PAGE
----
UN Council OKs Watered-Down Statement on Israel Settlements, The Washington Post
The U.N. Security Council unanimously approved a watered-down statement strongly opposing Israel’s continued construction and expansion of settlements Monday. The vote came after high-stakes negotiations by the Biden administration succeeded in derailing a legally binding resolution that would have demanded a halt to Israeli settlement activity.
Israelis and Palestinians Have Been Holding Secret Talks for Weeks, Axios
Senior aides of Israeli Prime Minister Benjamin Netanyahu and Palestinian President Mahmoud Abbas have been holding secret talks for almost two months in an effort to de-escalate rising tensions in the occupied West Bank, three sources briefed on the matter told Axios. The weeks of secret talks, which have not been previously reported, are among the first pieces of evidence of direct high-level engagement between the Palestinian Authority and the new right-wing Israeli government.
Sanders: Israeli Democracy Is in Peril, The Hill
Sen. Bernie Sanders (I-Vt.) said that he thinks that democracy is in peril in Israel and that the U.S. should revisit the conditions under which it offers financial assistance to the country. “I do,” Sanders said on CBS’s “Face The Nation” when asked if he thinks democracy is in peril in Israel. “I am very worried about what [Prime Minister Benjamin] Netanyahu is doing and some of his allies in government and what may happen to the Palestinian people.”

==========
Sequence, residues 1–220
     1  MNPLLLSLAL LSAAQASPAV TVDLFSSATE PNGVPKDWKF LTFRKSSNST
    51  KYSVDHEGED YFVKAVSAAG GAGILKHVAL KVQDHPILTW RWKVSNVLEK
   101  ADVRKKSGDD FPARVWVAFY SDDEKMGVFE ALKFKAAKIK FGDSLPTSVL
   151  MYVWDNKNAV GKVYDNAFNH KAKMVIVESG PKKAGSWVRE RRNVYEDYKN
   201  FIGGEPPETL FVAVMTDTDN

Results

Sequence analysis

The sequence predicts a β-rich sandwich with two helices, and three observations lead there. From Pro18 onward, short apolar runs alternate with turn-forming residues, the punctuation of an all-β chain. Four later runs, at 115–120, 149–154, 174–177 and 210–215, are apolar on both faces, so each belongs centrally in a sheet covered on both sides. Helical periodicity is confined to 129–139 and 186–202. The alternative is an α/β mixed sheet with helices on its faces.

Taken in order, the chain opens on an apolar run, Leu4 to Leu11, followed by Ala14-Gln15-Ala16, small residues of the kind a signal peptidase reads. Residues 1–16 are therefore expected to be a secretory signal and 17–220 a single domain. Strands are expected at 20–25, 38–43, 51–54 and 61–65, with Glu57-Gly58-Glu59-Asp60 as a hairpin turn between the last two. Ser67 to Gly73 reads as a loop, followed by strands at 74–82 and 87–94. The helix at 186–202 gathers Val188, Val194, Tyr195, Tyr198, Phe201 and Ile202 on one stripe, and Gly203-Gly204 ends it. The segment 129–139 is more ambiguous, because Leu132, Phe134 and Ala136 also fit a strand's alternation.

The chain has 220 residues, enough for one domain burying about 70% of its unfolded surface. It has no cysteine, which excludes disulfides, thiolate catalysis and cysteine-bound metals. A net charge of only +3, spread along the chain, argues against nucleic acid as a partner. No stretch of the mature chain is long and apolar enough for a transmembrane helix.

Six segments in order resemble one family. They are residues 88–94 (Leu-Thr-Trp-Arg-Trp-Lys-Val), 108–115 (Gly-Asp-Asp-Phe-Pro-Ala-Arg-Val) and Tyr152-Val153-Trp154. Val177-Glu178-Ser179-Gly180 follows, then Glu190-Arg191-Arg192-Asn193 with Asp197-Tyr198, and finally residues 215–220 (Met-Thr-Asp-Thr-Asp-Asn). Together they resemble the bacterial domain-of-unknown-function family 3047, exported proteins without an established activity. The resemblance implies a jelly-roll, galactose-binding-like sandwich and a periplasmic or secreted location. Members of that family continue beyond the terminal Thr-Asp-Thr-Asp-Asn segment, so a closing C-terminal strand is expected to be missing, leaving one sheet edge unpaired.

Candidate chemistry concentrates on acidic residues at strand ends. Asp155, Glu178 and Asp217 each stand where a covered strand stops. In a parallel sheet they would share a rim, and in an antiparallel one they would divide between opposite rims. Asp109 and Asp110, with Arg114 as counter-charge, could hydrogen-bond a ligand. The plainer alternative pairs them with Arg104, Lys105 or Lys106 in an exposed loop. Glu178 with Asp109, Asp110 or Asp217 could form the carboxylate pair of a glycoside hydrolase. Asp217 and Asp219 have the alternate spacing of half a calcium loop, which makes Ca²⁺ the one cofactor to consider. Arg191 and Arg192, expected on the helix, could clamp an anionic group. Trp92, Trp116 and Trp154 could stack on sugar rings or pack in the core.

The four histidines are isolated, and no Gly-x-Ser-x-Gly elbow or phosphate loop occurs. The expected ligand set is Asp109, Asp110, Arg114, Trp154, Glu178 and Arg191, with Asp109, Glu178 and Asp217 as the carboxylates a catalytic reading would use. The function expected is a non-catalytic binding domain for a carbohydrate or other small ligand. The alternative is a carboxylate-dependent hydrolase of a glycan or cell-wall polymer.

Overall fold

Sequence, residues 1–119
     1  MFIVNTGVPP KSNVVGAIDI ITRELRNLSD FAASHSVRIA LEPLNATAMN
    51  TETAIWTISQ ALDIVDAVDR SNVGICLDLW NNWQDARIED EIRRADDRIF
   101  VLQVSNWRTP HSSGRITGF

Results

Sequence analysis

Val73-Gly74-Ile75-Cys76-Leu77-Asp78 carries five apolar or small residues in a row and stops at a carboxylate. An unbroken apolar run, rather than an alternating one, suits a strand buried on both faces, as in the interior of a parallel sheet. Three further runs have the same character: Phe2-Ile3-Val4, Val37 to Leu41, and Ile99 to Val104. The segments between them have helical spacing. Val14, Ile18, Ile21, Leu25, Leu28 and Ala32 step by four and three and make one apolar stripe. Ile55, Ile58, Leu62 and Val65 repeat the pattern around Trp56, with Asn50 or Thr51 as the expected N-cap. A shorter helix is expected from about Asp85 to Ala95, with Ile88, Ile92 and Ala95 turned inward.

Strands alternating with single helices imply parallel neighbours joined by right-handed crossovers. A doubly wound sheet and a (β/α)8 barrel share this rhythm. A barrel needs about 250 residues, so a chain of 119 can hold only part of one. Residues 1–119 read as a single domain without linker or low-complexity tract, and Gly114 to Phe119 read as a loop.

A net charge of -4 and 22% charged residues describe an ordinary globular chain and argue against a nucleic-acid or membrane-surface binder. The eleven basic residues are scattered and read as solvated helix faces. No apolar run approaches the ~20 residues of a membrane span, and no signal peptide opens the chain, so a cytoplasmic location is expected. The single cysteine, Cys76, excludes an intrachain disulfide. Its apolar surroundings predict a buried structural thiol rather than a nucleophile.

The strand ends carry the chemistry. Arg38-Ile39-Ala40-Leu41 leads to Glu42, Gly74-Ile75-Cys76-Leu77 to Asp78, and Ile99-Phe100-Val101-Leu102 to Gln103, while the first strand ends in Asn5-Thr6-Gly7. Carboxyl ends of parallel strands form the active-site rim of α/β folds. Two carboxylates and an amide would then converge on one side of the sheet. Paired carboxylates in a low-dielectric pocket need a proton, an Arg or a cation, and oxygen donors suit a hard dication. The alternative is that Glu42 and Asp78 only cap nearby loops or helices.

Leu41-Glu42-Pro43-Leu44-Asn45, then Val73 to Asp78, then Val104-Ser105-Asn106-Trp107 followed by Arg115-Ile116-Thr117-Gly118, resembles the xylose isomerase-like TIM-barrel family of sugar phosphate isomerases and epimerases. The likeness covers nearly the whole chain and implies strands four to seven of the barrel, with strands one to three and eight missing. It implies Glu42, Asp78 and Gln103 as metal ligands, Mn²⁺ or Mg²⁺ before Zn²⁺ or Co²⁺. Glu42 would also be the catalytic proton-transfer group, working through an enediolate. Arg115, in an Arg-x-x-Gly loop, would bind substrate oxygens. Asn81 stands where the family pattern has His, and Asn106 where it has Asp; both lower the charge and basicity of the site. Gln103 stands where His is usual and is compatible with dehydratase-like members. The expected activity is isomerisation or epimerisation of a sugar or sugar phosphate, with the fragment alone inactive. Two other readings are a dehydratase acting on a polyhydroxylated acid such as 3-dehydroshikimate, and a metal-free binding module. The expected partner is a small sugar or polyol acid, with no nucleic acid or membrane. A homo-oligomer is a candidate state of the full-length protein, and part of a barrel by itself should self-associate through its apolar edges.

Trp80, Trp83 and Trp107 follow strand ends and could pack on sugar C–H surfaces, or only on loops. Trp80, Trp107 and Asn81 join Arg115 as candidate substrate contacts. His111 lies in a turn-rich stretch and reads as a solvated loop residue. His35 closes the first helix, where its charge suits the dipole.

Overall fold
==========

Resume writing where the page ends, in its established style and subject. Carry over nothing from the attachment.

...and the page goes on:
Israel President Urges Consensus After Judicial Changes Pass, AP
Israel’s president on Tuesday called on Prime Minister Benjamin Netanyahu’s coalition to seek dialogue and compromise after it pushed ahead with controversial judicial overhaul in a turbulent parliamentary session overnight. Isaac Herzog said it was a “difficult morning” following the late night parliamentary vote that saw two contentious pieces of legislation — part of sweeping changes that have prompted vocal criticism in Israel and abroad — pass a preliminary hurdle.
Itamar Ben-Gvir, Israel’s Minister of Chaos, The New Yorker
Ruth Margalit writes, “As unrest roils the country, a controversial figure from the far right helps Benjamin Netanyahu hold on to power.”
You Can’t Save Democracy in a Jewish State, The New York Times
Peter Beinart argues, “Some Jews may worry that by advocating genuine liberal democracy — and thus exposing themselves to accusations of anti-Zionism — Mr. Netanyahu’s critics will marginalize themselves. But if they widen their vision they’ll see that the opposite is true. By including Palestinians as full partners, Israel’s democracy movement will discover a vast reservoir of new allies and develop a far clearer moral voice. Ultimately, a movement premised on ethnocracy cannot successfully defend the rule of law. Only a movement for equality can.”
But, What Can We Do?, Arza
Josh Weinberg reflects, “Right now, we don’t have a choice. Israel as a Jewish and democratic State is being threatened, and the damage being done is potentially irreversible. We must speak up, in the same way that we would mobilize and come together if Israel were facing a formidable external threat. We must support civil society organizations and specifically our Reform Movement that is leading the fight for religious freedom and for democracy at large.”